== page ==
For the past 18 months, Winthrop University has worked together to prepare, engage and encourage the young — perhaps first-time — voters at Winthrop to exercise the primary responsibility of citizenship: voting. Student life, the College of Arts and Sciences and the John C. West Forum on Politics and Policy have hosted 10 presidential candidates and presented a number of of events, collectively called Decision 2016, to help students understand the importance of fulfilling their civic responsibility.
We have long recognized that our mission lies in preparing students not only to master their disciplines but also to become informed, engaged and conscientious citizens. In fact, one of our four competencies mandates that we graduate men and women who are “personally and socially responsible.”
We want students not only to identify the candidates for federal, state and local offices but to understand where the candidates stand on the issues.
While approximately 80 percent of Winthrop students were registered to vote in 2012, only 53 percent of them voted. Although this exceeds the 49 percent at all public master’s granting institutions, our goal is to do better this year.
We have worked to register students to vote and trained a cadre of student ambassadors to encourage voting, and over fall break, students received an email encouraging them to get an absentee ballot.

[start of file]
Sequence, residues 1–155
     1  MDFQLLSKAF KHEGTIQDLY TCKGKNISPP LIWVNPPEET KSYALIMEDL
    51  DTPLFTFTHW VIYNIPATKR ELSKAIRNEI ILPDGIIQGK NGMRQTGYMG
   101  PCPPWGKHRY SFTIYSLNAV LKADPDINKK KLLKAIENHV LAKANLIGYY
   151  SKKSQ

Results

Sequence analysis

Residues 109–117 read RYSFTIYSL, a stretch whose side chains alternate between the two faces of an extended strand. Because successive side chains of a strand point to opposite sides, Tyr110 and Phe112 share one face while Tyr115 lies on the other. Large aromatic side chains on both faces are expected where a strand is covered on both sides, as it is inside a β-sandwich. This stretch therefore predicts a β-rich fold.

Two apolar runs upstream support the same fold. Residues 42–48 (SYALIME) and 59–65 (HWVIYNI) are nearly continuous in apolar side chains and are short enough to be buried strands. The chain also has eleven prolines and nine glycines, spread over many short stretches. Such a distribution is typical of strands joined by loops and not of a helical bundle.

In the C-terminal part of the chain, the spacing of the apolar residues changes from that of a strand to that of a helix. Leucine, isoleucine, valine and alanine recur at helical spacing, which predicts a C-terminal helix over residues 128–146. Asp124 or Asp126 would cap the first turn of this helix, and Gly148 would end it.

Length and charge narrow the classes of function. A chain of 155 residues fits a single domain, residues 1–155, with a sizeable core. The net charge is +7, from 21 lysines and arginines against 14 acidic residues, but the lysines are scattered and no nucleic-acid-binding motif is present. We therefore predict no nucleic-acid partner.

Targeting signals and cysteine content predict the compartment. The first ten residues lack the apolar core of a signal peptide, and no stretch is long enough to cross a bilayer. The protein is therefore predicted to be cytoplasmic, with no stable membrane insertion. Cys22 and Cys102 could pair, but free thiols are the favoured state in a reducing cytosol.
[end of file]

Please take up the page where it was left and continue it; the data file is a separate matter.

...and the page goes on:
With the negative rhetoric of this year’s federal election threatening to discourage voting, we focus on the historical and current significance of participating in this cornerstone of our democracy.
Beginning in September with Constitution Day and continuing until election night, we aim to receive the designation of a voter-friendly campus given by the Student Affairs Professions in Higher Education.
Recognizing that civic engagement is vital to the health and well-being of our democracy, Winthrop strives to teach, encourage, motivate and model behaviors that create “habits of mind,” knowing that an 18-year-old who votes is more likely to vote in later elections.
The vote of a new voter counts as much as the one of a long-time voter. Instilling the importance and value of this civic responsibility in an educated populace helps to ensure the continuance of a strong democracy and the health of our state. We hope you see our students at the polls on Tuesday carrying out their role in the democratic process.
Dean of University College, Winthrop